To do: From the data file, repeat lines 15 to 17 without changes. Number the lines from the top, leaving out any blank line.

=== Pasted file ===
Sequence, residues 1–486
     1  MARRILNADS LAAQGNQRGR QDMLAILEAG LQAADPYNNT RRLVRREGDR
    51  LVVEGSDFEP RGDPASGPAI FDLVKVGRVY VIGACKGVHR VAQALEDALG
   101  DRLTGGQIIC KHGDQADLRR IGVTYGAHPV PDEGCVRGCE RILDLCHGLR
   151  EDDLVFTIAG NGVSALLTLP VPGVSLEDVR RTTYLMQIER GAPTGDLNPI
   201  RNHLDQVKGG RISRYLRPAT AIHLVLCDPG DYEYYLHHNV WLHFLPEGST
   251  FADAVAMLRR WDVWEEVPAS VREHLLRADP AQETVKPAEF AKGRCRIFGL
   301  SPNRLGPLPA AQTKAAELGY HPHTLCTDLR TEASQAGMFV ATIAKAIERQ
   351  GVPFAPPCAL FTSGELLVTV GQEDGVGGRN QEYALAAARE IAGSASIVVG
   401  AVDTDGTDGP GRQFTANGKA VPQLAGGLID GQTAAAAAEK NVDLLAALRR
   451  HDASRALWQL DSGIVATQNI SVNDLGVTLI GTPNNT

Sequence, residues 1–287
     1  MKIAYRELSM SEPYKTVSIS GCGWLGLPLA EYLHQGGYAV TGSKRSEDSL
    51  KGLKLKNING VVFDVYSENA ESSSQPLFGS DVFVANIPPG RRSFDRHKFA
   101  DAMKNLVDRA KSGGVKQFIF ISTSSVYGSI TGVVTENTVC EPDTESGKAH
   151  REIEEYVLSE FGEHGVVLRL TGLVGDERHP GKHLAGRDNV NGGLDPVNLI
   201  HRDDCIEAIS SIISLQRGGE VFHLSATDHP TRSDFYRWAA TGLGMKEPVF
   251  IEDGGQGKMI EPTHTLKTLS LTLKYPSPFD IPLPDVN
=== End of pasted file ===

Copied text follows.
   101  DAMKNLVDRA KSGGVKQFIF ISTSSVYGSI TGVVTENTVC EPDTESGKAH
   151  REIEEYVLSE FGEHGVVLRL TGLVGDERHP GKHLAGRDNV NGGLDPVNLI
   201  HRDDCIEAIS SIISLQRGGE VFHLSATDHP TRSDFYRWAA TGLGMKEPVF